Irish government stands by brutal budget
Government stands firm against any indication of row-backs
Despite tension, and a report of a Cabinet walkout by Labour Party ministers, the government is adamant there will be no row-back on any aspect of the budget in the face of growing criticism from coalition backbenchers.
Minister for Communications Pat Rabbitte on Sunday ruled out any change to the cuts in child benefit and respite care announced last Wednesday.
When asked on RTE whether pressure from Fine Gael and Labour backbench TDs (members of Parliament) would force the government to revise its decision to cut the respite grant by €325, he replied, “No u-turn. I understand perfectly well how difficult some of the decisions are.”
Rabbitte’s declaration was supported by spokespersons for Taoiseach (Prime Minister) Enda Kenny and Tanaiste (Deputy Prime Minister) Eamon Gilmore, who confirmed that the two government leaders were determined no changes would be made.
There were fears if concessions were granted on any one issue everything would unravel.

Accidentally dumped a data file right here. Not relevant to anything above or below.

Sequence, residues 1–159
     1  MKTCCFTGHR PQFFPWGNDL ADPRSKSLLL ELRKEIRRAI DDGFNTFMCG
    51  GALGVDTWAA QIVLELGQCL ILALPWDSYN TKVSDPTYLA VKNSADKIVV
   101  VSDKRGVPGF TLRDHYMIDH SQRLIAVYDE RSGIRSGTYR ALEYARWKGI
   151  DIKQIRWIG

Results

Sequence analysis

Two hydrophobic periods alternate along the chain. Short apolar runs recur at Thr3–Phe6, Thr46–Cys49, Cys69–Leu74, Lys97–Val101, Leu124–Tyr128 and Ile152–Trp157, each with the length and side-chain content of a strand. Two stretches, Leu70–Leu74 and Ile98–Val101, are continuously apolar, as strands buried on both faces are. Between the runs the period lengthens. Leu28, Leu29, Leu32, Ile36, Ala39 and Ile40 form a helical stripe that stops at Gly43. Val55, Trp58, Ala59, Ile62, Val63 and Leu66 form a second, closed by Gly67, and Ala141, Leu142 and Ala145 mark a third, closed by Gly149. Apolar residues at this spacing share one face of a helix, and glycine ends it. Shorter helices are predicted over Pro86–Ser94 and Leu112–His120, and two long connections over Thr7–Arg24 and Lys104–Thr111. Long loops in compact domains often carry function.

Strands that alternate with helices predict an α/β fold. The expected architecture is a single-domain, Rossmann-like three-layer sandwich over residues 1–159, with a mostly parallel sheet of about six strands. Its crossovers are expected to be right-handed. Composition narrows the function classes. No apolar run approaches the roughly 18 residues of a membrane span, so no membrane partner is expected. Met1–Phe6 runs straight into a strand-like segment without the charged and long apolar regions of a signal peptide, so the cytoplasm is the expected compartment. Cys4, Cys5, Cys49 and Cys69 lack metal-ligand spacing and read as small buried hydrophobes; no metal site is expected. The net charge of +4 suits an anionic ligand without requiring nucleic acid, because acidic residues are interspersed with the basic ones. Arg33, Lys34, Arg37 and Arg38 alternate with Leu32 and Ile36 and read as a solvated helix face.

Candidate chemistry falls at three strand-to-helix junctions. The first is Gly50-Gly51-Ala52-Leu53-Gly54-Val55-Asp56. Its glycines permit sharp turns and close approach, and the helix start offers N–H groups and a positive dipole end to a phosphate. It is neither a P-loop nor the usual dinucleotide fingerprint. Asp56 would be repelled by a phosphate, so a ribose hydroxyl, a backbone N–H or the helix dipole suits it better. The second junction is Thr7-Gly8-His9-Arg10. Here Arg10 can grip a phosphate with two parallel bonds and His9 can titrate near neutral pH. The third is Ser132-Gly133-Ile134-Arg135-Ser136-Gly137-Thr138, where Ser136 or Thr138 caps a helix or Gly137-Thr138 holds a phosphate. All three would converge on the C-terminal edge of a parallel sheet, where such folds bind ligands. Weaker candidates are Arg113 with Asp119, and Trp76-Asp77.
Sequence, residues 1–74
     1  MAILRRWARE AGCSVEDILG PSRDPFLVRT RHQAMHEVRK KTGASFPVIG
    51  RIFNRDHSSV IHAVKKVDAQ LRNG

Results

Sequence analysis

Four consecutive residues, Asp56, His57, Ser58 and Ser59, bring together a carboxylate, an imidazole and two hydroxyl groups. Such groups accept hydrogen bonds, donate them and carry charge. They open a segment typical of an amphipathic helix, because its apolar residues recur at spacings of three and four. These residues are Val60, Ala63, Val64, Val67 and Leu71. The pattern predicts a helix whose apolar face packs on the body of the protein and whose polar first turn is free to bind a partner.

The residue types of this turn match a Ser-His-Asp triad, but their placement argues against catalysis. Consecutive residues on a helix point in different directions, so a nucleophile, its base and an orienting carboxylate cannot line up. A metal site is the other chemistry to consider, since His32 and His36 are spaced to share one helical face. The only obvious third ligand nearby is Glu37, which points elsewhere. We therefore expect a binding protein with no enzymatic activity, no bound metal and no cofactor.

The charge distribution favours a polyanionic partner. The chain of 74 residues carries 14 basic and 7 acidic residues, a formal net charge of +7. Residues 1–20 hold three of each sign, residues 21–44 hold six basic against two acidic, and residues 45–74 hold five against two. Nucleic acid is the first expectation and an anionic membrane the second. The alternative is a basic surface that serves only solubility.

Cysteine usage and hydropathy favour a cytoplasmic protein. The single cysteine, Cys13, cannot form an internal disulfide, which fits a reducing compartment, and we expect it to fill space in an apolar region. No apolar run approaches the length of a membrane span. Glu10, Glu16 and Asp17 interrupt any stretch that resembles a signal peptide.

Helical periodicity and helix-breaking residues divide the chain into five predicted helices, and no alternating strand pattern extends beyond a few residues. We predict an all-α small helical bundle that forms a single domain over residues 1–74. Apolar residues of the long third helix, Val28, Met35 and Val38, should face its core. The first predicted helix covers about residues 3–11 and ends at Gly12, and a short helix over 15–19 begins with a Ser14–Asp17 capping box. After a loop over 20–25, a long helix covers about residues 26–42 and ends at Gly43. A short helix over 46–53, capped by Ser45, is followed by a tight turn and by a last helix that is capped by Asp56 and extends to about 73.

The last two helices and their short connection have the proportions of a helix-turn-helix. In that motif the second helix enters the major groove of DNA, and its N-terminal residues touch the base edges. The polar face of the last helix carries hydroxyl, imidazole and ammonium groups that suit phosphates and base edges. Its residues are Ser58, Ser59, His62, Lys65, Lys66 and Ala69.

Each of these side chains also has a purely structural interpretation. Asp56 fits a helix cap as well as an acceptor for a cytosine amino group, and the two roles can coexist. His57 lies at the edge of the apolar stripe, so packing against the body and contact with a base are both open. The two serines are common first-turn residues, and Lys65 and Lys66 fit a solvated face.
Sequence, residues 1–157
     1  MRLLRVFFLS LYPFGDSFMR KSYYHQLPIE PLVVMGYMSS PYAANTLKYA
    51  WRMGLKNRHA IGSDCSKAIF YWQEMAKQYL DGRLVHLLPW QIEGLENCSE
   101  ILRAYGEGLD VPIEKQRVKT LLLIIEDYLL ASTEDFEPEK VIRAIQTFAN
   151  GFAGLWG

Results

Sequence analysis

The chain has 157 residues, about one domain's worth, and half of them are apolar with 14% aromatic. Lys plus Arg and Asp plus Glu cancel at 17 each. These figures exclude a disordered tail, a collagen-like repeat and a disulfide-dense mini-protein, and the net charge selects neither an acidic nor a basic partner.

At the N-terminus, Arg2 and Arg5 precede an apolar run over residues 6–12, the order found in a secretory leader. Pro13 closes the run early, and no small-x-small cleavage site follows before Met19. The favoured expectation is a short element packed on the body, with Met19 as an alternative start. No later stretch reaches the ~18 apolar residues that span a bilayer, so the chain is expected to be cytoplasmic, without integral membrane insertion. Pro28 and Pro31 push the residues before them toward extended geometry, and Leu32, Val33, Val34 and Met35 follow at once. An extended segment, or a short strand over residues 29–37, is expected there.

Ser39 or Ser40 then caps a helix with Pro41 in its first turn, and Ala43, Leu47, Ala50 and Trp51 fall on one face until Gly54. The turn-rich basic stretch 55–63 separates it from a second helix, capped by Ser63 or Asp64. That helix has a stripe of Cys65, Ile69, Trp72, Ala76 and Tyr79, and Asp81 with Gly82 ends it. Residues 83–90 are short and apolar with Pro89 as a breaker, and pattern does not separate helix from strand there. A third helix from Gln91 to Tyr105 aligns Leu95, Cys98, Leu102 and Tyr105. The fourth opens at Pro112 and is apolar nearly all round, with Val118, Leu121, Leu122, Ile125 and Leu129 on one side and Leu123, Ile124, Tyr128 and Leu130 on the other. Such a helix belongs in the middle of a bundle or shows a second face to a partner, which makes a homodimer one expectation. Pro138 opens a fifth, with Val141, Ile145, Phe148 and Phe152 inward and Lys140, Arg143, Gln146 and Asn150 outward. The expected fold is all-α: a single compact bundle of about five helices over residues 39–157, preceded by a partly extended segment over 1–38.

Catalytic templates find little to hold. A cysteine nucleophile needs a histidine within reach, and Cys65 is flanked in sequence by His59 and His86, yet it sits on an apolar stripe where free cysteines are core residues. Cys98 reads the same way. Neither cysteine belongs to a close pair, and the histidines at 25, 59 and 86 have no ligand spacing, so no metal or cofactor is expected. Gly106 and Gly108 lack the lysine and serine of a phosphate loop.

The unity in government that there would be no u-turn came despite a week earlier when Gilmore led Labour ministers out of the cabinet room in the final stages of budget preparation, as reported in The Sunday Business Post.
It was the most serious breakdown in relations since the government was formed and threatened the very future of the coalition.
The split was over Labour opposition to a three percent across-the-board cut in social welfare payments demanded by Fine Gael in return for a three percent increase in the universal social charge (USC) for people on incomes of over €100,000.
The Labour ministers eventually returned to cabinet and Kenny and Gilmore had a two-hour private meeting. During their talk Gilmore agreed to drop Labour's demand for the USC hike, but only in return for a package of capital taxes and taxes on savings. These were introduced in the budget and allowed Labour leaders to claim that the tax package was aimed at the better off.
Still, many of the other tax measures in the budget hit the less well-off harder and this week the back-bench fallout from the events is continuing.
The budget, designed to save €3.5 million, was delivered for the first time by two ministers – Finance Minister Michael Noonan and Minister for Expenditure and Public Reform Brendan Howlin – in the Dail (Parliament) last week.
It added an extra €1 tax to every bottle of wine, 10 cent to a pint of beer and 10 cent to a packet of 20 cigarettes, and raised Deposit Interest Retention Tax (DIRT) by three percent to 33 percent.
It also introduced a €10 cut in child benefit from €140 to €130 a month, and introduced a new property tax of 0.18 percent for homes worth up to €1 million and 0.25 percent for homes worth more than that.
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